Of course, this requires far more sophisticated AI on the NPCs’ part but I think that’s another subject that needs to be drastically touched upon in MMORPGs. NPCs are pretty bland and lack any substance outside of being a quest giver, vender or PVP dummy. I feel that most serve no purpose and just take up space rather than act as a possibly useful plot device. And it’s sad coming from Ultimas 4-7 where NPCs felt far richer, having the ability to employ sophisticated dialogs and interactions. Instead, we’re left with boring flavor text that I think most people never bother reading these days. I understand that the oversimplification of dialogs into linear flavor text were done to handle the scale for quest givers but it makes the world really shallow.
More than that NPCs themselves for the most part are designed to be nothing more than placeholders and have as much personality as Kristen Stewart (maybe NPCs have more personality than her but it’s close). But the key thing that Ultima 5 innovated was just on having NPCs manage their own schedules (and I would like to address the idea of time itself in a bit). I remember one of the cool features in Ultima 5 that was pretty revolutionary for RPGs was just seeing an NPC eat dinner then go to sleep beyond performing their normal professional duties. In a few cases for Ultima 5 (and later Ultimas for that matter), the schedule would matter since a few NPCs would do things at certain times (like the one that hid the Skull Keys in Minoc). It’s subtle touches like that which make you feel more engaged in the game.
But if you want to take this idea further, you want to make the ability to impact the NPC’s scheduled affect overall game play. A simple idea in using the example of food above is what happens if the NPC doesn’t eat on time? Or what if a person kidnaps an NPC or prevents them from eating? Most people would say, “Well, they’d die of course!” Not from moment one though. They could become angry or frustrated and might assault the player. Or perhaps they weaken as their hunger grows until they finally pass out from lack of food and water.
People might say, “What’s the point?” The point is making the environment come to life and adding fun, weird features that people can mess with. You might get some sneaky people who would exploit something like this to prevent others from completing a quest. In turn, you would have to ensure that it can’t get out of hand. Perhaps, the response would be having the city guards come down and arrest the person or even attack and kill the player. Yet starving someone could be part of a quest. Again, it’s just an idea to add to the realism of the MMORPG genre.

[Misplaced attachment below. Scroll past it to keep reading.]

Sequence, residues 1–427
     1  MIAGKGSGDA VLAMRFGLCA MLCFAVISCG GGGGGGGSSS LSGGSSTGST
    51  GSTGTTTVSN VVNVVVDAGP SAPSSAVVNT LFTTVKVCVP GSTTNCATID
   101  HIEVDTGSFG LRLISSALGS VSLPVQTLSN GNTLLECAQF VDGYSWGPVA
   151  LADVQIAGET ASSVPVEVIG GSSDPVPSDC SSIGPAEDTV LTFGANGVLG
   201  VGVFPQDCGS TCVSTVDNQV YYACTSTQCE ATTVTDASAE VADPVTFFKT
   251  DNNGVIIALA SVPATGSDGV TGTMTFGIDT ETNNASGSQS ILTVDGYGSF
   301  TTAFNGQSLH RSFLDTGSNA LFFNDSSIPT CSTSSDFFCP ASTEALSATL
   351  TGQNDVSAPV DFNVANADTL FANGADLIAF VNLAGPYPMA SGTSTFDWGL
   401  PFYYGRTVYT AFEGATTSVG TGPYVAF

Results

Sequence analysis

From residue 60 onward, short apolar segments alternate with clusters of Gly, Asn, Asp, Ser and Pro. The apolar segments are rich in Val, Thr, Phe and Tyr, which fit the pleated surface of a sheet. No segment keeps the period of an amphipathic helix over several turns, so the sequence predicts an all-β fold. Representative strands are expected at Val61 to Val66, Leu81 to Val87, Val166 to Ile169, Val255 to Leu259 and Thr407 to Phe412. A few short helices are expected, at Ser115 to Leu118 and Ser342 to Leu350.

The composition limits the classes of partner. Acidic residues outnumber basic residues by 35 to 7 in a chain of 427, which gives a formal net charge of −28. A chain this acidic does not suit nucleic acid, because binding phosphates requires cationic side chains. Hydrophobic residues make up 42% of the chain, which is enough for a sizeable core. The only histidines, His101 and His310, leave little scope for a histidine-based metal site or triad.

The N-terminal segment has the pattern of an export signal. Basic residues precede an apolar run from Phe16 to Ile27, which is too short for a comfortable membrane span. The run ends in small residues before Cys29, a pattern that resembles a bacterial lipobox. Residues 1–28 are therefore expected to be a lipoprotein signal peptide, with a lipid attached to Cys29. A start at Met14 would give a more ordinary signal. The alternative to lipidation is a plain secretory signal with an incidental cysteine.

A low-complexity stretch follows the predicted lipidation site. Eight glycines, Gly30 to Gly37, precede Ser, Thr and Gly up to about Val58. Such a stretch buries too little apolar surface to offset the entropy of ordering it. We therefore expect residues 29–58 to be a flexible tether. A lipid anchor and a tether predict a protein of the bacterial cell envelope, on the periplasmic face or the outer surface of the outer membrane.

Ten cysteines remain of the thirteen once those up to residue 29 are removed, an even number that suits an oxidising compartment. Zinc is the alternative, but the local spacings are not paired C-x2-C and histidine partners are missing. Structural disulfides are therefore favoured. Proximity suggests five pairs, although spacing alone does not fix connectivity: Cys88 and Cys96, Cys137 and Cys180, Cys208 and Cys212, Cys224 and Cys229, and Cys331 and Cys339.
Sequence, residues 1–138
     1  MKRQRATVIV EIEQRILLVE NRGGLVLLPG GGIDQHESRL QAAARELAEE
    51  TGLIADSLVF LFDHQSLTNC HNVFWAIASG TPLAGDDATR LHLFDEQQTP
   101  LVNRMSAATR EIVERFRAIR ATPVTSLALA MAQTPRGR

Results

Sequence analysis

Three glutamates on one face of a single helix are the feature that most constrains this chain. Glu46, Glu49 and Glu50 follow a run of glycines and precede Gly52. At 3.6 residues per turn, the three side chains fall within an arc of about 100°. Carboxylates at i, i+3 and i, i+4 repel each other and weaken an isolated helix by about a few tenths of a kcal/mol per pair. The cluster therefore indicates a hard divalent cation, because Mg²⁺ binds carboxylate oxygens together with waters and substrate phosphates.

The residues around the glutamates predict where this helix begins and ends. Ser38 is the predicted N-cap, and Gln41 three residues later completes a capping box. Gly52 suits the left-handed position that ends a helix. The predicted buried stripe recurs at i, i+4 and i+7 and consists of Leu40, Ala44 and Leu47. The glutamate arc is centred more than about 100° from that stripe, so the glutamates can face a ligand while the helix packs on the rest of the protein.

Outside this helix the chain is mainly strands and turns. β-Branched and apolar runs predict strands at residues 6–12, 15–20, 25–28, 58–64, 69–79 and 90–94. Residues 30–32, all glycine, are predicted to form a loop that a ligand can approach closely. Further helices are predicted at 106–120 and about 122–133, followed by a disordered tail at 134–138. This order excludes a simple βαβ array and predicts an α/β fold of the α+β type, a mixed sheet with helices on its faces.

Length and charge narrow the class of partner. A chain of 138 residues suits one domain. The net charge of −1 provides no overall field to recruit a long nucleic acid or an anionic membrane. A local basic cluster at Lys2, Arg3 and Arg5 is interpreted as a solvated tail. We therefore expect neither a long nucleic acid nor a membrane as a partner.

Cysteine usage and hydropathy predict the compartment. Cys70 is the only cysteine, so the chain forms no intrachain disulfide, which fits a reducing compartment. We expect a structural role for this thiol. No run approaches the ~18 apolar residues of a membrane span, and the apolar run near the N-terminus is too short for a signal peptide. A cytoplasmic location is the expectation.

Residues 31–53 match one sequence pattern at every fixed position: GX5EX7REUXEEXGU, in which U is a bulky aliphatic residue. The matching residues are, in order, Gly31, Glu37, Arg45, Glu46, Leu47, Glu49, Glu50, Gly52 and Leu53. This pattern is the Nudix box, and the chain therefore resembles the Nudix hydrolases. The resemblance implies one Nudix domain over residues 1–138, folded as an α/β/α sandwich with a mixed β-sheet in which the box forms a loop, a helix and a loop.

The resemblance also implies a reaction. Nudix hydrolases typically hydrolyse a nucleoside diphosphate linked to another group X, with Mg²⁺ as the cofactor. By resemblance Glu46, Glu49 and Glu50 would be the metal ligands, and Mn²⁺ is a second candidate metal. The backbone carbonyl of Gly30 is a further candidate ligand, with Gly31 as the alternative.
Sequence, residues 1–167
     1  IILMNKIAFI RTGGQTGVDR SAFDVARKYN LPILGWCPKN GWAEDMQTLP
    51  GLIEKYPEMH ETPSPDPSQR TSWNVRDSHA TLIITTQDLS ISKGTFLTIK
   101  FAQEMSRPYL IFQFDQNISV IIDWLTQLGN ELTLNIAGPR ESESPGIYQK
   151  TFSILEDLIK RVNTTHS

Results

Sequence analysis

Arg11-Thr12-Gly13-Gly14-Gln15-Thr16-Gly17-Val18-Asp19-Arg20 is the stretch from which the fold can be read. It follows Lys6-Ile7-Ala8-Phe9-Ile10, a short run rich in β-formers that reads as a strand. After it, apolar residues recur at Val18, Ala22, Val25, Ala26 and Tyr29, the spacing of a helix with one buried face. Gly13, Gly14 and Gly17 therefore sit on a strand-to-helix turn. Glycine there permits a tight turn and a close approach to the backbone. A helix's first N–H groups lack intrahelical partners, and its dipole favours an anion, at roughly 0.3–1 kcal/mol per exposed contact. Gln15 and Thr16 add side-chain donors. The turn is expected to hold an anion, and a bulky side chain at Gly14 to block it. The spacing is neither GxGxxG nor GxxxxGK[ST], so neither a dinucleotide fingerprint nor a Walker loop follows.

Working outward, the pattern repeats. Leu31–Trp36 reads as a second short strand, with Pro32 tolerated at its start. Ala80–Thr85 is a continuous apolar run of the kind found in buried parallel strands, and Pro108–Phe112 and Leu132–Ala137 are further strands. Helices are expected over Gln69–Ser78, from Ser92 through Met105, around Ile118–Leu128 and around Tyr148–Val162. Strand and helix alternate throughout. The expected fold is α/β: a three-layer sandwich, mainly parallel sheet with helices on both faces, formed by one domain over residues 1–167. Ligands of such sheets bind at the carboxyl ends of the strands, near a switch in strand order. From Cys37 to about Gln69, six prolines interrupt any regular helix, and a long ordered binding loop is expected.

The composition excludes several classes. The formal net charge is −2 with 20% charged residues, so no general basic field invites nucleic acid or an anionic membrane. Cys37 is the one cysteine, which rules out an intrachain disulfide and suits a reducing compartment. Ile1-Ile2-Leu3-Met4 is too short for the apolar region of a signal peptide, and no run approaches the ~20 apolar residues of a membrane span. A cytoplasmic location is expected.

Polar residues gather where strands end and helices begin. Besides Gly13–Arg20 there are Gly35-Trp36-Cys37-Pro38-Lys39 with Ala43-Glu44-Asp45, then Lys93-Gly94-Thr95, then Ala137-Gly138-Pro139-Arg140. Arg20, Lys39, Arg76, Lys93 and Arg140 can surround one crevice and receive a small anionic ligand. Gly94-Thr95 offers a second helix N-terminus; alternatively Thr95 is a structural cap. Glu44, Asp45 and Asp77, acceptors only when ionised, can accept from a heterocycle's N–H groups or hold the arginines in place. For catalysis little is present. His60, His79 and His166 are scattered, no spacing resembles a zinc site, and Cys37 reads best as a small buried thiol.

Speaking of food, I think that food has become too de-emphasized. World of Warcraft attempted to make food more interesting in their own universe by providing more useful buffs beyond banquets. But I honestly hate the way that plays out in that it’s just a raid supplement rather than an integral part of the game. I do think that some older games might’ve gone overboard with the concept of needing food all the time (like the older Ultimas) but I do miss the aspect of starvation in the game. For me food is just such an integral part of our lives that it’s too lacking in these games at the same level. Making food and drink more important would add so much more flavor to the game. Like it would help motivate people to hit inns or restaurants in the game rather than just buying stuff from the auction house or finding it on dead corpses. Or finding fruits from trees and plants in forest that you can eat (or perhaps get poisoned by if you lack the proper foraging skill).
Going back a step I want to talk about the idea of time in the game. From my perspective, time really doesn’t have too much meaning outside of enrage timers, timed quests, respawn rates and wasting your own time. But time over never feels linear but constant rather except in those cases I mentioned above. It’s kinda like being at a Vegas casino where you can’t really tell what time it is as a result of the unnatural indoor ceiling lighting. In a game like World of Warcraft, time is beyond wrecked because of how Cataclysm restructured the game. Garrosh is by far the most confusing offender in all of this and I have no idea how they’ll correct the situation when the expansion comes out (since we supposedly will kill Garrosh in patch 5.4). But time is too critical of an element to ignore and you can see how Blizzard essentially confounded their own game by mixing phasing and restructuring.